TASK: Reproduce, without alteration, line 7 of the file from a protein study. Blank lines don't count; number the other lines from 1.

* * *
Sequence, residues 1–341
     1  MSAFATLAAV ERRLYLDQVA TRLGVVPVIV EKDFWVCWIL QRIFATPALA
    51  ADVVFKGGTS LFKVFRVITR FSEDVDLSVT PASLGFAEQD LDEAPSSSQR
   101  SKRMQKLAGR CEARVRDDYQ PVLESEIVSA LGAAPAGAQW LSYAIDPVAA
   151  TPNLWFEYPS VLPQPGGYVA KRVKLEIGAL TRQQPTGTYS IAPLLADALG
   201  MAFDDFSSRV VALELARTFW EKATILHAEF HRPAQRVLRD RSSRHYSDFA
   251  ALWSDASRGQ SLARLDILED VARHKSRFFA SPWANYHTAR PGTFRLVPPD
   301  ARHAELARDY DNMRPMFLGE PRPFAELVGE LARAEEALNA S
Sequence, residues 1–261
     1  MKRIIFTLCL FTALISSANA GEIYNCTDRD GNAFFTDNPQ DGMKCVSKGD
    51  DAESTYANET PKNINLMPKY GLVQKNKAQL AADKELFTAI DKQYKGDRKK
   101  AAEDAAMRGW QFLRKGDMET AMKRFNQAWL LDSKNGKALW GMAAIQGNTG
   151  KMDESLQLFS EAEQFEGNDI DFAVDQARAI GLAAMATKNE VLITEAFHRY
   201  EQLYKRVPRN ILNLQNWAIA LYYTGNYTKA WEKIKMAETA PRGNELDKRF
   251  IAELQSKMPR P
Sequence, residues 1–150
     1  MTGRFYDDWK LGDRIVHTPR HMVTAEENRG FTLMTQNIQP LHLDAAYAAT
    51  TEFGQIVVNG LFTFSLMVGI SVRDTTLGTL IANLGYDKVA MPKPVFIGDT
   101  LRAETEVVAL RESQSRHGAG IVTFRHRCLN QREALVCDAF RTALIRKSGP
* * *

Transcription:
   251  ALWSDASRGQ SLARLDILED VARHKSRFFA SPWANYHTAR PGTFRLVPPD